happiness

Why the American Dream is Making You Unhappy

“Manhattan is a tough place,” says Donald Trump in the voiceover to the opening credits of The Apprentice. “If you’re not careful, it can chew you up and spit you out.” The camera cuts to a homeless man lying prostrate on a bench, presumably to underscore The Donald’s message that the man really should have been more careful. “But if you work real hard, you can really hit it big, and I mean really big,” he continues. Cue montage of Trumpian bigness- private planes, fancy parties and a series of objects emblazoned with the word TRUMP in gold letters.

This short sequence is essentially the Cliffs Notes for the American Dream. Hard work will lead seamlessly to stratospheric success, while homelessness is essentially just another word for carelessness.

This story, or some version of it, is the mighty engine that propels the American experiment. Greatness is within all of our grasp, and there are no problems, just “opportunities.” (The filthy bathroom in my local supermarket actually displays a sign saying: “If this restroom fails to meet your expectations, please inform us of the opportunity”—as if reeking puddles of urine are merely an inspirational occasion for personal growth.)

It’s the basic trope of every inspirational meme, every graduation speech. Reach for the stars. Never give up. Be the hero of your own life. Little by little, the American Dream has become the American Basic Expectation.

This is my new piece for Time.com.  Read the rest here and please share on Facebook/ Twitter etc.  Thank you!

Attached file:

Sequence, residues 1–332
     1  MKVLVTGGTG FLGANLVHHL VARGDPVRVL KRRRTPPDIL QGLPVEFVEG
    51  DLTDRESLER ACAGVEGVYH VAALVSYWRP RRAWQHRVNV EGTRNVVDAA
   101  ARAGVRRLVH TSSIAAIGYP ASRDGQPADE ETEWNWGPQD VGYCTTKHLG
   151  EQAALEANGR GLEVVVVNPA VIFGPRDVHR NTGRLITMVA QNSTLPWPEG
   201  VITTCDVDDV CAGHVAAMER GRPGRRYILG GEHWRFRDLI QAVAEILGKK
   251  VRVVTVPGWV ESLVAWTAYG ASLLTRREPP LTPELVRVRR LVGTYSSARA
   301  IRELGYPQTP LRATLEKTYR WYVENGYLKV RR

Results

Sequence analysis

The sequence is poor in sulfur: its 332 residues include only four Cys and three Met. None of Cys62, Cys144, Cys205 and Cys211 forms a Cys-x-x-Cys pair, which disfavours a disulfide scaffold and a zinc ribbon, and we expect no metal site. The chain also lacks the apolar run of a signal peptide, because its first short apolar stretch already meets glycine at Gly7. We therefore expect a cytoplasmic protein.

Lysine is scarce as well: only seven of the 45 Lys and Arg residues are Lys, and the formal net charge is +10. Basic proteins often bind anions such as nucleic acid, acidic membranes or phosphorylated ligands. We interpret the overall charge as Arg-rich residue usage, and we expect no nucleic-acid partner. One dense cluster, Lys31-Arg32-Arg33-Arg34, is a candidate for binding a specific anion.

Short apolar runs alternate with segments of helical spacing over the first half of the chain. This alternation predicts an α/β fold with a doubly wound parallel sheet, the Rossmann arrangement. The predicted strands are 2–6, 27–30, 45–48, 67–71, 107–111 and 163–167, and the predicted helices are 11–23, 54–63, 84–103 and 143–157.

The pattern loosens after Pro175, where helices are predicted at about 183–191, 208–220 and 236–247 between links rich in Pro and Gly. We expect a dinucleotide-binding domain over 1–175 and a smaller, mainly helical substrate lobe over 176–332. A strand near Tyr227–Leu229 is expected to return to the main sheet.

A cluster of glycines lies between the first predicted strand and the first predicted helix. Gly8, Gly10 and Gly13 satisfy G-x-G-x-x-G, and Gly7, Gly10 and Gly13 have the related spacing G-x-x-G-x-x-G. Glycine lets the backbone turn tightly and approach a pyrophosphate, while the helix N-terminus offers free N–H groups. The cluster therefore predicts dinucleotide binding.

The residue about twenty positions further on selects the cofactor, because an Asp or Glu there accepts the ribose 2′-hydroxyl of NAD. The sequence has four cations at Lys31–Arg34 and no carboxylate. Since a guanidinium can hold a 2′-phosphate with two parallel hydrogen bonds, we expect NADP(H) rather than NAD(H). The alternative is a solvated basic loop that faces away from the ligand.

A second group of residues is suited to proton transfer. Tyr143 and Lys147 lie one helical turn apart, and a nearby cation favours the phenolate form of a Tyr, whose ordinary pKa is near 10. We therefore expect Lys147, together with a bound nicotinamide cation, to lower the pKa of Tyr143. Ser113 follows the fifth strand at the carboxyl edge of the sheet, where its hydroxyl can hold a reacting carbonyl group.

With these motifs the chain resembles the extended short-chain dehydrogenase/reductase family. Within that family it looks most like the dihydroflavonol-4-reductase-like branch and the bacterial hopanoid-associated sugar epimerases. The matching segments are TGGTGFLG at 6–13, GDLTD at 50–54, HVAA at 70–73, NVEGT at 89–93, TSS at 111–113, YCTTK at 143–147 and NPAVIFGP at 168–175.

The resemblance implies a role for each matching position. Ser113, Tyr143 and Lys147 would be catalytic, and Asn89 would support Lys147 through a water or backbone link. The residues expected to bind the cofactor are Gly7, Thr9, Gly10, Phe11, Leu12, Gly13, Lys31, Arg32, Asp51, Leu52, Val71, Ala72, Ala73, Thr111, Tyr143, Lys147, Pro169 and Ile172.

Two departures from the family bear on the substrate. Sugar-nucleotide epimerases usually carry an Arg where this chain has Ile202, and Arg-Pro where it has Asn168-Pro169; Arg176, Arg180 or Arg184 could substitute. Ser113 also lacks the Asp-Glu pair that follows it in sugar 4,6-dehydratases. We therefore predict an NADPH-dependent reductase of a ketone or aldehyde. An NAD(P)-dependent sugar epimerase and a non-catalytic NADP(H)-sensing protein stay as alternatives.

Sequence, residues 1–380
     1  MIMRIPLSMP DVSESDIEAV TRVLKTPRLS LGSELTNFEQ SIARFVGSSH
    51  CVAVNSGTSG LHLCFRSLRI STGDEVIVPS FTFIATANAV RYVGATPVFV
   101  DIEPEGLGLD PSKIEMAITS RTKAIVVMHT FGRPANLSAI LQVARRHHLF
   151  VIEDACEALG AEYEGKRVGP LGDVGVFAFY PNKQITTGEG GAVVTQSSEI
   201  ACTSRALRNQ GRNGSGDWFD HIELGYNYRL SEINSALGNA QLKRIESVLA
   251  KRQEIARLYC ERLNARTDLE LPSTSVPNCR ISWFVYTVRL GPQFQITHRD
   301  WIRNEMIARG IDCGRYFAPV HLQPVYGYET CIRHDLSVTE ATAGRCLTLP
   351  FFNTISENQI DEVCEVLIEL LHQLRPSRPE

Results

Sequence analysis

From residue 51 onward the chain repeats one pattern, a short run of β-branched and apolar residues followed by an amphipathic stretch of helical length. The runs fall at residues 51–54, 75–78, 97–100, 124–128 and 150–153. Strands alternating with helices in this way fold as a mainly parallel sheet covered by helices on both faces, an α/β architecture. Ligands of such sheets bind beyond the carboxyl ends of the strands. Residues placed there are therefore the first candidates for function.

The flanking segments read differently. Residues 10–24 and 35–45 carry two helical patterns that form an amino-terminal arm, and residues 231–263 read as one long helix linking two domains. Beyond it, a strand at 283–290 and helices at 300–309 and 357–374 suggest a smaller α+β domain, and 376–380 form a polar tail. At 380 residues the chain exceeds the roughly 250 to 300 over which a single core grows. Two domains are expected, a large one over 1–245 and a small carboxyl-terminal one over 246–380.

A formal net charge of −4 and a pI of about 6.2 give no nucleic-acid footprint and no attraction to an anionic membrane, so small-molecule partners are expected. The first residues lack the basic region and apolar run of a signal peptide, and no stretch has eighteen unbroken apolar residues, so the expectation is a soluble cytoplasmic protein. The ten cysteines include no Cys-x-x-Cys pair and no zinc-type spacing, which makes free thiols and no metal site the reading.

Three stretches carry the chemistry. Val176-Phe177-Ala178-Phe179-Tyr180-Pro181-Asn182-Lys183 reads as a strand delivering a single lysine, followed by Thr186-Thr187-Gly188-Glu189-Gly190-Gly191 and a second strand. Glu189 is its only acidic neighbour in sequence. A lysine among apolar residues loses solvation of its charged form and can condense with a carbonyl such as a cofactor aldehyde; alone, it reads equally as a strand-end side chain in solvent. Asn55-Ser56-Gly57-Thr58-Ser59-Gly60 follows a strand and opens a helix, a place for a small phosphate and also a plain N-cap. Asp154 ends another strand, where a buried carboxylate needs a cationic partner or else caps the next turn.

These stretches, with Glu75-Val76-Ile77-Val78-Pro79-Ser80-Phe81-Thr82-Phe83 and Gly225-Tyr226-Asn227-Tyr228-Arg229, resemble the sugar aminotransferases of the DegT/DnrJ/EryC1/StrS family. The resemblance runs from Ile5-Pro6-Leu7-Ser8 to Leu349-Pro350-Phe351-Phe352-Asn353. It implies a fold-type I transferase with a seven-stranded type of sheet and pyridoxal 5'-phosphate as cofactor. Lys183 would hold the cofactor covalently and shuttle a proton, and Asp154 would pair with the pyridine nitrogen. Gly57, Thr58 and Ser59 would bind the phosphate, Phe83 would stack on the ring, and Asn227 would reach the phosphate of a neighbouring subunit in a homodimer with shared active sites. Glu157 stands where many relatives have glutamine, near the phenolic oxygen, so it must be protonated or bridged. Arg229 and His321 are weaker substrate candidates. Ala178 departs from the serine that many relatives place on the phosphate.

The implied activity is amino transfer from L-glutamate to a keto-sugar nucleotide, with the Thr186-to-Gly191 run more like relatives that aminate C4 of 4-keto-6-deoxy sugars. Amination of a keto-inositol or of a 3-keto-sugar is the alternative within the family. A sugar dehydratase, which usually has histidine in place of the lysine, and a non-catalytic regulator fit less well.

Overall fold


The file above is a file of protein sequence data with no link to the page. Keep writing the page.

And if you are interested to read more about happiness and anxiety in America, why not pre-order my book, America the Anxious, How Our Pursuit of Happiness is Creating a Nation of Nervous Wrecks (out October 2016.)  UK readers can order here, under the title The Pursuit of Happiness and Why It’s Making us Anxious (Hutchinson, Penguin)  Thank you!

Money can buy you happiness: Suggesting otherwise is borderline offensive

We are deeply attached to the idea that money can’t buy us happiness.  But the evidence shows that it is almost completely false.  And really, suggesting otherwise is bordering on the offensive.  This is my new piece for the Guardian opinion.  Would love it if you would read and share on Facebook/ Twitter etc.  Thank you!

Read the piece here

And if you want to read more about why our obsession with happiness is making us anxious, why not order my book!

The subtle sexism of the cleaning self-help cult

“There’s no question that most of us feel a bit brighter when the house isn’t a tip, but this cultural conflation of cleaning and inner bliss raises serious questions about the strangely limited aspirations many women are trained to have for our own happiness.

While men are conditioned to dream big – to see their happiness in terms of adventure and travel, sex and ideas and long nights of hilarity – women are now encouraged to find deep fulfilment in staying home to origami our underwear.”

Read my new article on The Pool about our obsession with cleaning self help and what it means for women.  If you like it, (or if you don’t!) please share on Facebook or Twitter.

And if you want to read more about the happiness industry and why it’s making us feel inadequate and anxious- why not order my book!

Is crack the key to happiness?